Neuroanatomical correlates of grit: Growth mindset mediates the association between gray matter structure and trait grit in late adolescence

Neuroanatomical correlates of grit: Growth mindset mediates the association between gray matter... There is a long‐standing interest in exploring the factors related to student achievement. As a newly explored personality trait, grit is defined as a person's tendency to pursue long‐term goals with continual perseverance and passion, and grit plays a critical role in student achievement. Increasing evidence has shown that growth mindset, the belief that one's basic abilities are malleable and can be developed through effort, is a potential factor for cultivating grit. However, less is known about the association between grit and the brain and the role of growth mindset in this association. Here, we utilized voxel‐based morphometry to examine the neuroanatomical correlates of grit in 231 healthy adolescent students by performing structural magnetic resonance imaging. The whole‐brain regression analyses revealed that the regional gray matter volume (rGMV) in the left dorsolateral prefrontal cortex (DLPFC) negatively predicted grit. In contrast, the rGMV in the right putamen positively predicted grit. Furthermore, mediating analyses suggested that growth mindset served as a mediator in the association between left DLPFC volume and grit. Our results persisted even after controlling for the influences of self‐control and delayed gratification. Overall, our study presents novel evidence for the neuroanatomical basis of grit and highlights that growth mindset might play an essential role in cultivating a student's grit level. http://www.deepdyve.com/assets/images/DeepDyve-Logo-lg.png Human Brain Mapping Wiley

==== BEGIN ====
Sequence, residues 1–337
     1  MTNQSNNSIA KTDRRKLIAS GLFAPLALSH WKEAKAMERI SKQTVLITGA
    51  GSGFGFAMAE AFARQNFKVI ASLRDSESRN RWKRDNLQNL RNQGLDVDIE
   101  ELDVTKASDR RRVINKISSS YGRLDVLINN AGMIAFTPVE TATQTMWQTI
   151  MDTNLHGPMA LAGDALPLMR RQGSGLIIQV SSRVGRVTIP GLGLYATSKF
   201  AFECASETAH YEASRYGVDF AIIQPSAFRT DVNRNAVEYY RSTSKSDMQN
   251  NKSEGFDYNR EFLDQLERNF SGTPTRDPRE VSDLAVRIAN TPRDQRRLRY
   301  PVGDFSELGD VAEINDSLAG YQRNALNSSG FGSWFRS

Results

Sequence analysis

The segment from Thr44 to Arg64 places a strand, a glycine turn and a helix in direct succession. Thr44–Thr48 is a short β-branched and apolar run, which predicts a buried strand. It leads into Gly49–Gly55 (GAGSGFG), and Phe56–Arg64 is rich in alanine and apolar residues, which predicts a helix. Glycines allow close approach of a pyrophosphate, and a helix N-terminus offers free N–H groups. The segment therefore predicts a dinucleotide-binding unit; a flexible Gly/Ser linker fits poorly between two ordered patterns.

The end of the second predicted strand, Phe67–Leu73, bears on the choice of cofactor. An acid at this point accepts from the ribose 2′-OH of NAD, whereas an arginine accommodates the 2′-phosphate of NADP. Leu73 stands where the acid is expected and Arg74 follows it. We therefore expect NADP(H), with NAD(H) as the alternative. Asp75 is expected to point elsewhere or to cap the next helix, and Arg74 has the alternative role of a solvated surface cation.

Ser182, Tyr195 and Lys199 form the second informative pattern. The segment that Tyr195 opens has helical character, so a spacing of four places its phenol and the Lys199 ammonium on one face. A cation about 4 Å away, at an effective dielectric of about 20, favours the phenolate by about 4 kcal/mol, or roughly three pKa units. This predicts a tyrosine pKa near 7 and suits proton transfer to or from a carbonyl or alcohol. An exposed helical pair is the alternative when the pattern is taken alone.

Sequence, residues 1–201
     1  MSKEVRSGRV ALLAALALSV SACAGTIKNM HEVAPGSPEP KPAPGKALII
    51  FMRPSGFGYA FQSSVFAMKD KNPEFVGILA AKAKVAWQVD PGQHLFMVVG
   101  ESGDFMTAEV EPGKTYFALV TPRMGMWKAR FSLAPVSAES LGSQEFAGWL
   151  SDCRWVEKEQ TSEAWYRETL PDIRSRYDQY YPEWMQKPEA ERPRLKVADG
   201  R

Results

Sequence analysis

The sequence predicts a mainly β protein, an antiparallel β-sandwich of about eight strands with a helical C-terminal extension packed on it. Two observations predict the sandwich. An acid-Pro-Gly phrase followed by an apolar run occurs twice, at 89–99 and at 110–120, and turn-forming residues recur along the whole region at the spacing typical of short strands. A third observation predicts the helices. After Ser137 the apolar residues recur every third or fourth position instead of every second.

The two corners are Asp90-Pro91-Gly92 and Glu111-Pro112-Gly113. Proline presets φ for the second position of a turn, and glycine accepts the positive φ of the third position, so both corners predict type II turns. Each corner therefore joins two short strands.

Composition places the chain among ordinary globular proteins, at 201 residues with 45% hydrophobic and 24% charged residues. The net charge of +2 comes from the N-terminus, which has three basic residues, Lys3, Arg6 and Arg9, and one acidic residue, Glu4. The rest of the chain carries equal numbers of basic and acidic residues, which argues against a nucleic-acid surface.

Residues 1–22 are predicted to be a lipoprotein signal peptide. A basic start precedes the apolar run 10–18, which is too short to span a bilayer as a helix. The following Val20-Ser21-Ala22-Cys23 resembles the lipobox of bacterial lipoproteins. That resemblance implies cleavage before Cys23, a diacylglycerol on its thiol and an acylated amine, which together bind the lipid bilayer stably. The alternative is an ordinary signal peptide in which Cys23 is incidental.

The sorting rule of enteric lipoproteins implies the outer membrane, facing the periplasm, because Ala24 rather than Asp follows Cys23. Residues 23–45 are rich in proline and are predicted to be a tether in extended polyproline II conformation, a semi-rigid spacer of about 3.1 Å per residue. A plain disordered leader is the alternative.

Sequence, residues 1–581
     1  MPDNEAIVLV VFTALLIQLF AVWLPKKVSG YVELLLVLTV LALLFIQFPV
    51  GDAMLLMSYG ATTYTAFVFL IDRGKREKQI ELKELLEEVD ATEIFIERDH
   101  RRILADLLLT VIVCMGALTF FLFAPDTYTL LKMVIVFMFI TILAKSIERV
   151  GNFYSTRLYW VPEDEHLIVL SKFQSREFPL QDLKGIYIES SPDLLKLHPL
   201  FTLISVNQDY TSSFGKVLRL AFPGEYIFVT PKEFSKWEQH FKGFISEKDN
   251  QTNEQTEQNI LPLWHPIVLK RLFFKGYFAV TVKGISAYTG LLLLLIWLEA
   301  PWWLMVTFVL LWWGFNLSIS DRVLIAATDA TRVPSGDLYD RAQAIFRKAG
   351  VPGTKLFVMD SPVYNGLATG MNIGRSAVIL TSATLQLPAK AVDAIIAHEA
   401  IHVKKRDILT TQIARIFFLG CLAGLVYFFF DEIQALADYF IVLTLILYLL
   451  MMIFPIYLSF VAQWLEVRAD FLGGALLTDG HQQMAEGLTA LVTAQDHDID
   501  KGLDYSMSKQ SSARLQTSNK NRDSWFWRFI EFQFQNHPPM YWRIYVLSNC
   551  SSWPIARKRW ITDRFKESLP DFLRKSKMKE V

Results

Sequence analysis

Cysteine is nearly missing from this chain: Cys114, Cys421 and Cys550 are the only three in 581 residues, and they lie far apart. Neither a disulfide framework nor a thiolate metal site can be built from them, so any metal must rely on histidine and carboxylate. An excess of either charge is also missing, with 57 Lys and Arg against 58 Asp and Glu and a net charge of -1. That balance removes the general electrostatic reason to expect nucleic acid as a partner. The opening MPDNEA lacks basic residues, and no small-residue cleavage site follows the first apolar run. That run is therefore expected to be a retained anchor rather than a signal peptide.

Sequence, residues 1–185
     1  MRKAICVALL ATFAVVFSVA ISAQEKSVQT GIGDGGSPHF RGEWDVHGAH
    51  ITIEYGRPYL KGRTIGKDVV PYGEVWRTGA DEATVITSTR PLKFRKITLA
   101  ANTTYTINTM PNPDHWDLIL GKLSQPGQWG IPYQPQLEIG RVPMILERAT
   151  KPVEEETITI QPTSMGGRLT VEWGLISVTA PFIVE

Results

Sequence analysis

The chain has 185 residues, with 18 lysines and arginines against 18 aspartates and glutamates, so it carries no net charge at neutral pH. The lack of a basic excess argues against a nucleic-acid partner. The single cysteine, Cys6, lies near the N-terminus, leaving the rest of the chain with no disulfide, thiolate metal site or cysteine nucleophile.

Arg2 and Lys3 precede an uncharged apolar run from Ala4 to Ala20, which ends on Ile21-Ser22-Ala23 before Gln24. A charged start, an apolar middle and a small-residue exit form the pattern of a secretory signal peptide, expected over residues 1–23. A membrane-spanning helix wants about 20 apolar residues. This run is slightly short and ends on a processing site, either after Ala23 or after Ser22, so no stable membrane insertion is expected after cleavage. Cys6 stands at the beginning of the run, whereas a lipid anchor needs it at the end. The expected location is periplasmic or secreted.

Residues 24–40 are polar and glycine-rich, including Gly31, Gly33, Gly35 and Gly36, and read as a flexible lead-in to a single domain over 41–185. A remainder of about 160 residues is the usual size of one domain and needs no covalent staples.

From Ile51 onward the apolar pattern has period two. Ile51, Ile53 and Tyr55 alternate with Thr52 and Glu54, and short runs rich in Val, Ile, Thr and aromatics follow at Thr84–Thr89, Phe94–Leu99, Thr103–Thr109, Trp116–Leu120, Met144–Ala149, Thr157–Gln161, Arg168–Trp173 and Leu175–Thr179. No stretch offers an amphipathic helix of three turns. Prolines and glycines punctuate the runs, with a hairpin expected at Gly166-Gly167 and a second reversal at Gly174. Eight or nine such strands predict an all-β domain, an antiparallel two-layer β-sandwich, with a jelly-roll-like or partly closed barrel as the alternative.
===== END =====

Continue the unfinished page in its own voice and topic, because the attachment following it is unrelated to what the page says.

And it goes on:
Neuroanatomical correlates of grit: Growth mindset mediates the association between gray matter structure and trait grit in late adolescence

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Publisher
Wiley Subscription Services, Inc., A Wiley Company
Copyright
© 2018 Wiley Periodicals, Inc.
ISSN
1065-9471
eISSN
1097-0193
D.O.I.
10.1002/hbm.23944
Publisher site
See Article on Publisher Site

Abstract

There is a long‐standing interest in exploring the factors related to student achievement. As a newly explored personality trait, grit is defined as a person's tendency to pursue long‐term goals with continual perseverance and passion, and grit plays a critical role in student achievement. Increasing evidence has shown that growth mindset, the belief that one's basic abilities are malleable and can be developed through effort, is a potential factor for cultivating grit. However, less is known about the association between grit and the brain and the role of growth mindset in this association. Here, we utilized voxel‐based morphometry to examine the neuroanatomical correlates of grit in 231 healthy adolescent students by performing structural magnetic resonance imaging. The whole‐brain regression analyses revealed that the regional gray matter volume (rGMV) in the left dorsolateral prefrontal cortex (DLPFC) negatively predicted grit. In contrast, the rGMV in the right putamen positively predicted grit. Furthermore, mediating analyses suggested that growth mindset served as a mediator in the association between left DLPFC volume and grit. Our results persisted even after controlling for the influences of self‐control and delayed gratification. Overall, our study presents novel evidence for the neuroanatomical basis of grit and highlights that growth mindset might play an essential role in cultivating a student's grit level.

Journal

Human Brain MappingWiley

Published: Jan 1, 2018

Keywords: ; ; ; ;

References

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